Biting reveals the health of that ungulate: a red dot that will appear on their body. A bright red dot means full health (a strong elk!). Health dots fade to black as health drops. Bite several elk in the herd and then pick the elk with the lowest health (a darker dot).
BITING to DAMAGE
To do more damage, bite hard by holding SPACEBAR as long as you can, as sustained bite-holds do more damage to your prey. The amount of damage varies depending on where you bite the elk and how long you bite them. You can bite ungulates on the legs, sides, or neck. Once you have a mate, you can bite on different places at the same time to hunt more efficiently together.
Hunting efforts cost your own energy and health as you expend energy and ungulate prey deals defensive damage. So be sure to keep an eye on the green and red bars on your wolf badge. Health and energy recharge automatically, and faster when resting or sleeping. But try to avoid those hooves!
And remember: elk deal less damage after you've chased them awhile to tire them out.
Eventually, your prey will break your hold, and you'll have to catch back up to it and bite again. Repeat this until your prey either dies or stops running. If it stops running, you've entered a showdown with it.
HINT: The damage you do and the damage you take is randomized at the beginning of the bite and doesn't change (except for effects from changing health). This means you might want to release a bite early if the numbers look bad and try again. But keep in mind, every new bite costs extra energy.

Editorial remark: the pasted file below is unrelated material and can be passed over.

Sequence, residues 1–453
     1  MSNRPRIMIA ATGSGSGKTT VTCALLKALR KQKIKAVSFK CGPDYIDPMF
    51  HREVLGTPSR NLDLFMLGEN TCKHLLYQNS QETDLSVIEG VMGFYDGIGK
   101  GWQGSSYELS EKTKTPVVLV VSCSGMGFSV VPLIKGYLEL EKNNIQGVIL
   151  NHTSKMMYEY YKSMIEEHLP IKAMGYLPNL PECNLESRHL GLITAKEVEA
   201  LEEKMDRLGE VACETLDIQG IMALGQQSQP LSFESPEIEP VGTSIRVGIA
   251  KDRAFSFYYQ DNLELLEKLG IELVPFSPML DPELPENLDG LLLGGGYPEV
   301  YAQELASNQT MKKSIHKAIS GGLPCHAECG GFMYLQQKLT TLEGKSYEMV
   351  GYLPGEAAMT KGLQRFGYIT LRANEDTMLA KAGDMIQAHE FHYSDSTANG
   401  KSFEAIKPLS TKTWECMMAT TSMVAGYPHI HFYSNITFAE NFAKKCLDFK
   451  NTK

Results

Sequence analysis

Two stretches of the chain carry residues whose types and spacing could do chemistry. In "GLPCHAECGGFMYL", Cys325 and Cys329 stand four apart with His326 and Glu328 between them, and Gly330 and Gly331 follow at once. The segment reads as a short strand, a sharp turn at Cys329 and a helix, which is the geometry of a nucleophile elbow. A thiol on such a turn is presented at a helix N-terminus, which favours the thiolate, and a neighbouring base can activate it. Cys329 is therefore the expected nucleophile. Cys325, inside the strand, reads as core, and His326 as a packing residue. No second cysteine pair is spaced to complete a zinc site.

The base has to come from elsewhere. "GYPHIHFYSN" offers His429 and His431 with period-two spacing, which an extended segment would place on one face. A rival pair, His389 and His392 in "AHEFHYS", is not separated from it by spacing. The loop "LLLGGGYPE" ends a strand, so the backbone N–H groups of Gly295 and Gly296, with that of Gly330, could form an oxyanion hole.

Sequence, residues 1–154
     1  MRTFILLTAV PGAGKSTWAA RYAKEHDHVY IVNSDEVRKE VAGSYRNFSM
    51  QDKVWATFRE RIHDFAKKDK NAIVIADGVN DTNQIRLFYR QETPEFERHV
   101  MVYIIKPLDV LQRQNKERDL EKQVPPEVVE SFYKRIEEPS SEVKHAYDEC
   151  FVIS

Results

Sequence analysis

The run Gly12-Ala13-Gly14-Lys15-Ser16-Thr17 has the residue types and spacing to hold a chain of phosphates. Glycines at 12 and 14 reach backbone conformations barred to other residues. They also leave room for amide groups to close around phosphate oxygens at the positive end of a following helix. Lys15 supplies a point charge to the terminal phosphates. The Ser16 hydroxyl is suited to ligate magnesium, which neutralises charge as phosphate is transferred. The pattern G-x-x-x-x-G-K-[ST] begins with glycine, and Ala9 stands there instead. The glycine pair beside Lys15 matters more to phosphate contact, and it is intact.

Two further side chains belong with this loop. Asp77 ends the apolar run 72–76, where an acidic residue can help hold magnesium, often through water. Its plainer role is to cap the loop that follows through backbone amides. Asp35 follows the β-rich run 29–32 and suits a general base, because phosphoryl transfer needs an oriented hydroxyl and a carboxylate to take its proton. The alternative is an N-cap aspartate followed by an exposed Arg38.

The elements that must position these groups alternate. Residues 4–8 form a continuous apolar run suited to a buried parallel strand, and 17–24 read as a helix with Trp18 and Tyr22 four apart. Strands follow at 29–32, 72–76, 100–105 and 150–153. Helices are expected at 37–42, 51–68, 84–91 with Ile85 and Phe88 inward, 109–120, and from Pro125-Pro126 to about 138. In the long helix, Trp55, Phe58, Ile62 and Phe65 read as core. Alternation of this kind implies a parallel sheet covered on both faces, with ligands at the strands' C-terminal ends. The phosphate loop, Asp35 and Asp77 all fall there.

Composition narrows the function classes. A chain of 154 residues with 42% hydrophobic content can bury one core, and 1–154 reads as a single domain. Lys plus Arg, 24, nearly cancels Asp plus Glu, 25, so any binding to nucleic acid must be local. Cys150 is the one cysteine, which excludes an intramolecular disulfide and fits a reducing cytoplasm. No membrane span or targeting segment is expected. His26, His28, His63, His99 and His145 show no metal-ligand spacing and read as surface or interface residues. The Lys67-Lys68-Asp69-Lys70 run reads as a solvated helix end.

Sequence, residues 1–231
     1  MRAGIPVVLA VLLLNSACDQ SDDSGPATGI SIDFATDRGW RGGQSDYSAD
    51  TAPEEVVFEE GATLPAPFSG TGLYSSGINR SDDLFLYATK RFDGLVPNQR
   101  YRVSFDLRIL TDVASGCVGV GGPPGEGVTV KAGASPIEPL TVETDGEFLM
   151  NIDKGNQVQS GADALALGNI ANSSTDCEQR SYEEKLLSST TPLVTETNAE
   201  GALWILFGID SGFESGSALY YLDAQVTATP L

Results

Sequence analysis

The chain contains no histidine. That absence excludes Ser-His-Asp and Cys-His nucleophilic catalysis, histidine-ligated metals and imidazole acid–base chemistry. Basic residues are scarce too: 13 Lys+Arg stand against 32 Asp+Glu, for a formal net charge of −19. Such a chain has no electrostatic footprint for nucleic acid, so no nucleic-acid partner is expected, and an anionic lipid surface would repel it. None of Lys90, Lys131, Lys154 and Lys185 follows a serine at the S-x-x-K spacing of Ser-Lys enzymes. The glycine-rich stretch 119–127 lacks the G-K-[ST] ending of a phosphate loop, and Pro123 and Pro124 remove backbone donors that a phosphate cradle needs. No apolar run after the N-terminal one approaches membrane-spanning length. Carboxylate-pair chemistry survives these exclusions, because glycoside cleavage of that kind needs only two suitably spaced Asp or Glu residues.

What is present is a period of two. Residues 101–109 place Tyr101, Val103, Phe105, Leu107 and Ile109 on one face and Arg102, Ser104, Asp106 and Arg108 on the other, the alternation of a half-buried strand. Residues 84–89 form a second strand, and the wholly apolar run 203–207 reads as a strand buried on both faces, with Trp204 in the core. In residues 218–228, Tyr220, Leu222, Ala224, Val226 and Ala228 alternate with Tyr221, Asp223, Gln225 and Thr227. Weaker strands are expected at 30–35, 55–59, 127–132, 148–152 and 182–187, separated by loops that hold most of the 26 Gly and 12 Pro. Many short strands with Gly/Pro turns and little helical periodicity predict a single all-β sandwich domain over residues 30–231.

Showdowns with prey can be the most dangerous part of the hunt. At this point, the prey isn't running any longer, and instead has chosen to fight – possibly to the death. The prey will try to face you and attack you with its front hooves. Try to avoid getting hit while still going for extended bite-holds. LEFT-CLICK to lock onto it, then use the A and D keys to circle the prey, looking for a good opportunity to bite (using SPACEBAR). This is the time to try for a neck hold.
Once you've finished the hunt, green jaws icon will appear and you can use SPACEBAR to eat your hard-won meal.
Eat as much as you can because the carcass will soon attract other hungry scavengers. Some competitors will fight you to get control of the carcass! Others, like ravens and eagles, will just eat a lot of it, meaning you may have to hunt again sooner.
MEAT CHUNKS: You can pick up meat chunks and small carcasses (hares, beavers, and baby ungulates) and carry them around. You might even find a fish that an eagle dropped.
Tap-hold SPACEBAR to pick up, tap to put down.
Note: Yellowstone wolves don't cache food because there are so many scavengers with good noses that find it right away.
GORE LEVEL: The first time you encounter a carcass, you will be able to choose "low gore" or "more gore" to set the realism of your carcasses. You can also change this later in your game settings.
NAP TIME! Once you are full, sleeping is a good way to digest and restore yourself. Your energy will drop slightly after a large meal. You might not want to sleep next to a carcass as it attracts dangerous competitors.
VIDEOS about HUNTING TIPS & GAMEPLAY
Hunting Tips and Tactics (JayPlays)
Hunting for the Hardcore